It is an object of the present invention to provide an improved focussing apparatus which eliminates the above disadvantages of known focussing apparatus.
It is another object of the invention to provide a focussing apparatus which is very simple in arrangement and capable of achieving an effective focussing by merely disposing a single, image separating mask plate at a suitable position in the rangefinder optical system.
Further objects of the invention will be understood from the following description of embodiments thereof with reference to the drawings.
It is the major feature of the present invention that the rangefinder optical system of a camera in accordance therewith includes a mask plate which separates the image of an object being photographed into a plurality of images. The image of the object is formed as spaced images at the primary image point of the rangefinder optical system by the taking lens system in cameras of single lens reflex type, and by an objective of the rangefinder which is separate from the taking lens system in cameras of other types. The mask plate is disposed rearwardly of the spaced images, namely, on the side thereof which is nearer the eyepiece, and is formed with at least two apertures which separate the image into at least two spaced images. It should be apparent that the number of separate space images is equal to the number of apertures formed in the mask plate. The plurality of apertures are located in the mask plate out of intersection with the optical axis of the rangefinder optical system. The images separated by the mask plate are brought into alignment at the secondary image point by a lens located rearwardly of the mask plate. The image of the object focussed as a real image on the secondary image point is viewed as enlarged by an eyepiece.
The primary image point on which the image of the object is focussed has a location which is determined by a distance between the object and the camera, and the location of the secondary image point depends on the location of the primary image point.
When the image of the object formed on the secondary image point is viewed through the eyepiece, the separate spaced images formed by the mask plate will be aligned into a single image if the image of the object is focussed on the secondary image point of a given location or if the taking lens system is properly focussed, but they will be blurred or obscure as they remain separate if the focussing is improper. Thus a proper focussing can be assured by moving the taking lens system in a manner such that the separate images form a single, sharply defined image on the secondary image point.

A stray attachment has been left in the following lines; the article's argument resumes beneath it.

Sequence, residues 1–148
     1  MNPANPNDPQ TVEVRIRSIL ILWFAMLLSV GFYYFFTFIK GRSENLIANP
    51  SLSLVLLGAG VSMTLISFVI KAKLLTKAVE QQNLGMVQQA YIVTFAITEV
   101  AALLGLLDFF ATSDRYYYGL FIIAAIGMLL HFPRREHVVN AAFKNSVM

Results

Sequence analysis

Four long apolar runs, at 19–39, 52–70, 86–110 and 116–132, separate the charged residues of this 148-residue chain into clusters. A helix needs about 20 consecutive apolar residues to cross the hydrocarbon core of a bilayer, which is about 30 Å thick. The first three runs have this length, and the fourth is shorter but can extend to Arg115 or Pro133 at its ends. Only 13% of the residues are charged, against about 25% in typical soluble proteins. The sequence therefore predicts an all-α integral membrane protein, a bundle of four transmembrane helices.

FIGS. 1 (A) to (C) are schematic diagrams for illustrating the principle of the invention, FIG. 1 (A) illustrating a proper focussing and FIGS. 1 (B) and (C) illustrating out-of-focus conditions;
FIG. 2 is a schematic side elevation of an optical system in which the invention is applied to a movie camera of a single lens reflex type; and
FIGS. 3 (A) to (C) are front views of various mask plates which may be used in the focussing apparatus of the invention.
Referring to FIG. 1, the principle of the invention will be described first. Reference numeral 1 denotes a convex lens, 2 a mask plate having a pair of apertures which are located eccentrically with respect to the optical axis X--X, F and F' a primary and a secondary focal point of the lens 1, and 3 a focal plane. Assume now that a point object P and the focal plane 3 are conjugately positioned relative to the lens 1, as shown in FIG. 1 (A). Then light images separated by the mask plate 2 will interesect each other on the focal plane 3, whereby the images of the object P are aligned to form a focussed image. However, if the point object P is located nearer the lens than the position which is conjugate to the focal plane 3 as illustrated in FIG. 1 (B), light images from the object P tends to intersect each other at a point which is rearward of the focal plane 3, thus producing a blurred projection of two images on the focal plane 3. If, on the contrary, the point object P is further removed from the position which is conjugate to the focal plane 3 as illustrated in FIG. 1 (C), light images from the object will intersect each other at a point forwardly of the focal plane 3, again producing a blurred projection of two images on the focal plane 3. Thus it will be seen that a proper focussing can be reached by moving the lens 1 in the direction of the optical axis while viewing the focal plane 3 to find a position where the images of the object P formed on the focal plane 3 are completely aligned into a single, focussed image. Where a focussing lens is provided separately from the lens 1 at a position forwardly thereof, the focussing lens focusses its image on a point which coincides with the location of the point object P, so that a proper focussing can again be achieved by observing the focussing plane 3 to see if the images are completely aligned thereon.